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In make believe, prison books usually are diversions - a Bible carved out to hide the rock hammer in "The Shawshank Redemption" or a field guide full of clues about The Company in "Prison Break."
In real life, prisoners actually read.
And one civil rights attorney says Utah's Department of Corrections is profiting from inmates' craving for the written word.
Since 2004, the state has had an exclusive contract with Barnes & Noble to sell books to prisoners. The Department of Corrections' commissary charges a $1 processing fee and pockets the difference between what inmates pay and what the bookseller charges.
Attorney Brian Barnard calls it "profiteering."
Dennice Alexander is the first full-time administrator to oversee the libraries within Arkansas state prison system, which holds more than 14,000 inmates spread among 20 locations. Prior to taking the position Alexander, 61, had never visited a prison.
For the longest time, advisory boards held sway over what books made it inside the double razor-wired fences. But, in recent years, Alexander has approved the books and magazines that bring light inside a system once deemed by federal courts to be a "dark and evil world."
"They're trying to rehabilitate themselves," Alexander said. "We have (prisoners) leaving everyday and some of them have been in since they were 17, 16, and now they're 35 and 40. The world has changed, so they don't know about Internet or banking."
Alexander receives only $20,000 a year to purchase books, magazines and newspapers for inmates. And she's working to create late fees for overdue books, possibly charging an inmate's commissary account if a borrowed book stays out past two weeks. As much as 90 per cent of all books in circulation at the prison units come from donations.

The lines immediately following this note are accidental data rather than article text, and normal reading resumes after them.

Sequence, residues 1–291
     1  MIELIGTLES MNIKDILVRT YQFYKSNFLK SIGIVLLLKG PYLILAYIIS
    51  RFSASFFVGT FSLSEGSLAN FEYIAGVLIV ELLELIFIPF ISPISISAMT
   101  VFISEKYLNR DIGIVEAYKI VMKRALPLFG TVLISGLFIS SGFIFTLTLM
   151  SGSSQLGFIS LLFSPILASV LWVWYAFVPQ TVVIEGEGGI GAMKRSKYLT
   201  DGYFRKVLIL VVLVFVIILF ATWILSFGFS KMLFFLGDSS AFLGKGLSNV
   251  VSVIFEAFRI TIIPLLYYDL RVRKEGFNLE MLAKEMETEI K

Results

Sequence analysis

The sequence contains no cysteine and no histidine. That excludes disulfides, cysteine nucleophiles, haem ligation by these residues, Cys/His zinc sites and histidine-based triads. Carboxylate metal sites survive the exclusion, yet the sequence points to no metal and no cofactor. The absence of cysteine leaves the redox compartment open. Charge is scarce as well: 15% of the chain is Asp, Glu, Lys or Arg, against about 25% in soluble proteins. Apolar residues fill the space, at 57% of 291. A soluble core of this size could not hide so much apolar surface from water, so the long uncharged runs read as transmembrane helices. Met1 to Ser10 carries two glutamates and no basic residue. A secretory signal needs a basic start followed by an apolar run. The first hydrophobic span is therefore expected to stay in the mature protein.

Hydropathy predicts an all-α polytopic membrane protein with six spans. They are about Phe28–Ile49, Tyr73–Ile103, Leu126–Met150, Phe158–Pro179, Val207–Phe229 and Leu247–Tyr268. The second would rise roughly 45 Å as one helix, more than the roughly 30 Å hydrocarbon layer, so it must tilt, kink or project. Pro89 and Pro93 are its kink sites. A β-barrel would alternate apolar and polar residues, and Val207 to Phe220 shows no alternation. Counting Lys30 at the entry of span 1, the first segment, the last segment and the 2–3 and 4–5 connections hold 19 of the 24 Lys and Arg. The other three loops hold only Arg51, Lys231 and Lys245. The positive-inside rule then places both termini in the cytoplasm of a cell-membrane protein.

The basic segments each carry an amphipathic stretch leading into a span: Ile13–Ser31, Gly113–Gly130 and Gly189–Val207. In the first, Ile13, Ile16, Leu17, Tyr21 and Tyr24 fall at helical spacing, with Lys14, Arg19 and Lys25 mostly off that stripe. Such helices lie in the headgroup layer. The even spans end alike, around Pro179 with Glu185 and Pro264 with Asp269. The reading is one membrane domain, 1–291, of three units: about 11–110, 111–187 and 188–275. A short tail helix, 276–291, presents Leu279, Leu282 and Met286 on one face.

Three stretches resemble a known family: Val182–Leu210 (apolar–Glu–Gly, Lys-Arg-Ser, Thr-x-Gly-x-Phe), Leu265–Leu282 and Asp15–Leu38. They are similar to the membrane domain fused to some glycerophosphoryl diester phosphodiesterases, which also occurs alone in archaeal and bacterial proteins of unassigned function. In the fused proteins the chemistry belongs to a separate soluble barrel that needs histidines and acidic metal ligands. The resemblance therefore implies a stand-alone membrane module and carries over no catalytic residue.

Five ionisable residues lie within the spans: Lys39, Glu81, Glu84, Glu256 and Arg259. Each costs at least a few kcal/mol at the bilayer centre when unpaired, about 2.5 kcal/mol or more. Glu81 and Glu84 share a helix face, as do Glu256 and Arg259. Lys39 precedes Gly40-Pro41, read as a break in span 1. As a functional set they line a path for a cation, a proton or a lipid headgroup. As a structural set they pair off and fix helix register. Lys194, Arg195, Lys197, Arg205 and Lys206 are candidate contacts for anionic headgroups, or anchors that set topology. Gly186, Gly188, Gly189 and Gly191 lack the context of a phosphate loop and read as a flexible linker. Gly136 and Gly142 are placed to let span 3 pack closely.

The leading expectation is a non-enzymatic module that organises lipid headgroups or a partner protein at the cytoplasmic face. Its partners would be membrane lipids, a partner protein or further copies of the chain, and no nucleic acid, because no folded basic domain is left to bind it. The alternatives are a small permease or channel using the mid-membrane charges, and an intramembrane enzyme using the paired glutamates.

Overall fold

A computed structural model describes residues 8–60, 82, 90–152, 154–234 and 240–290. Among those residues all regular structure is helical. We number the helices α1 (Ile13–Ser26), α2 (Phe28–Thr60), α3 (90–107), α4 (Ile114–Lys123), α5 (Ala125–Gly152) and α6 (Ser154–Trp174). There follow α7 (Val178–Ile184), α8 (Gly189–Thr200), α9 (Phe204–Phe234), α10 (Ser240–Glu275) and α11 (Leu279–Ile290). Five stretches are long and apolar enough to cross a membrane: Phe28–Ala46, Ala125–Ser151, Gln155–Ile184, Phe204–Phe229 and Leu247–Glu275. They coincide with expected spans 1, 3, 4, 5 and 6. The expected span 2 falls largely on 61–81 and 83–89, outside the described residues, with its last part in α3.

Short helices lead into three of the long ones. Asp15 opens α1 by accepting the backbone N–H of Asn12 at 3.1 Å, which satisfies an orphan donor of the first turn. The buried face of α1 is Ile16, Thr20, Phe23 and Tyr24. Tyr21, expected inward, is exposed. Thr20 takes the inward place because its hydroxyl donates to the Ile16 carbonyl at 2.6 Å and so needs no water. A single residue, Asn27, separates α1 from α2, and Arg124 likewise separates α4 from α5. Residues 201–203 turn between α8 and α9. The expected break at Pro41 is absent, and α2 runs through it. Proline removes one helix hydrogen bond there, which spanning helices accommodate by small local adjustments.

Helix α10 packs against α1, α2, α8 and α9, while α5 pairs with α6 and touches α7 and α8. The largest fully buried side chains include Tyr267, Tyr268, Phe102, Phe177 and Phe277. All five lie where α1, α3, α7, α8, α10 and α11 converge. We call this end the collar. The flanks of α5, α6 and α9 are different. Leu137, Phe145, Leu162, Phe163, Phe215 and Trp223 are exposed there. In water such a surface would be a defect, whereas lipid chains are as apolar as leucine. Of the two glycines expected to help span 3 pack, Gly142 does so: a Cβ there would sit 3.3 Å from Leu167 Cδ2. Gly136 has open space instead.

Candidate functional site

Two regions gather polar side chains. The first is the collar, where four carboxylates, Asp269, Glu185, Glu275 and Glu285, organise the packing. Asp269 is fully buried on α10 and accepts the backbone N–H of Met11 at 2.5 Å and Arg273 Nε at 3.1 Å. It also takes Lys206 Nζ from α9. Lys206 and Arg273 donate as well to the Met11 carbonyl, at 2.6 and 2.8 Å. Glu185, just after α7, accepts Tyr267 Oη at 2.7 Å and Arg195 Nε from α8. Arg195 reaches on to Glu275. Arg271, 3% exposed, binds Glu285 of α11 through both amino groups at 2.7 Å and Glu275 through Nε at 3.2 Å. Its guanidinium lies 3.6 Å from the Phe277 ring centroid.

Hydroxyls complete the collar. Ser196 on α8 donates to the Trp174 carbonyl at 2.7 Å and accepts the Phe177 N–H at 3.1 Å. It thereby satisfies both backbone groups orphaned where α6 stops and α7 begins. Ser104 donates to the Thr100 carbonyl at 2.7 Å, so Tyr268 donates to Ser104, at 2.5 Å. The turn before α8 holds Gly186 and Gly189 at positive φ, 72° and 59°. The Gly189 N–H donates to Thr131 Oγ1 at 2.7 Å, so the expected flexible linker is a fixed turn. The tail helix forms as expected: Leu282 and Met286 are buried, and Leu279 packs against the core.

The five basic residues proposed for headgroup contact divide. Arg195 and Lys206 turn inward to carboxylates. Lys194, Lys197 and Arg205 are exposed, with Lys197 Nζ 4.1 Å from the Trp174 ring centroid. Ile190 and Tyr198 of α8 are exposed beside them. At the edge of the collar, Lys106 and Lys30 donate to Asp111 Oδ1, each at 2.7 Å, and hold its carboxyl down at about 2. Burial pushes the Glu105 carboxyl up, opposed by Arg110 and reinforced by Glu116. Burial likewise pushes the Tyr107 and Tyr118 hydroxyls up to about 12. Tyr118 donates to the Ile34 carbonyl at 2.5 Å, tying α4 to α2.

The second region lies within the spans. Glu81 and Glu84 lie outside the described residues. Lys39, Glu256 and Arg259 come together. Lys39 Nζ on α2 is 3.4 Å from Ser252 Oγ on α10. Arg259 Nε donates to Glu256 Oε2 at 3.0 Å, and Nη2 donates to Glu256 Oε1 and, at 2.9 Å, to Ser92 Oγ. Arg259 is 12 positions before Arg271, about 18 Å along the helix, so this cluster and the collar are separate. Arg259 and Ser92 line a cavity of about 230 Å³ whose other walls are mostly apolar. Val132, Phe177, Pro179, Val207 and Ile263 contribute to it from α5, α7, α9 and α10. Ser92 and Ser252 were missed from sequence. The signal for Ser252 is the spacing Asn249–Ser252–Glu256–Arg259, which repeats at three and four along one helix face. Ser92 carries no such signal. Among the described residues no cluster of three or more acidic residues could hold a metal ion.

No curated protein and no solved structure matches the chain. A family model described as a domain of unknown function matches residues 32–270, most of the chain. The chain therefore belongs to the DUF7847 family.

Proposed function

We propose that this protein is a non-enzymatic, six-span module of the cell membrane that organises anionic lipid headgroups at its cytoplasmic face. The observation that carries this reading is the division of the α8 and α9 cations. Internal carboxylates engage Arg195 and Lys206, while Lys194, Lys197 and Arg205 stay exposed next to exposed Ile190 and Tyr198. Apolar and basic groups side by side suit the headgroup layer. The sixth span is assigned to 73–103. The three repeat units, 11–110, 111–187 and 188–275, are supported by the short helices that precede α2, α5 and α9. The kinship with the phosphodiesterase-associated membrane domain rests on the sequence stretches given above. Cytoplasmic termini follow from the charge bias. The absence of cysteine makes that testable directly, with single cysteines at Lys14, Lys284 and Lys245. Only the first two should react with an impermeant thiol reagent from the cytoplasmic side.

A big change is proposed for the Blair County [PA] Prison. It may soon be a easier for inmates to do legal research. The Commissioners in Hollidaysburg say they have a number of good reasons to change the law library in the county's lock up. Chief among them, the move is expected to save this county a lot of money.
Most prison librarians are hardworking and dedicated, but not many have received what Sue Wilkinson, librarian at Winson Green Prison in Birmingham UK, just received; the Most Excellent Order of the British Empire, or MBE, a British order of chivalry established by King George V in 1917.
According to the Evesham Journal, the recipient is quite pleased particularly since 2008 is the National Year of Reading in Britain.
State prison officials have decided to allow a publisher of legal self-help books to distribute its materials in Massachusetts prisons.
The decision comes after mail-order publisher Prison Legal News sued Department of Correction Commissioner Harold Clarke. The Seattle-based publisher claimed Clarke was banning its publications in state prisons by refusing to add it to a list of approved vendors who can send books to prisoners.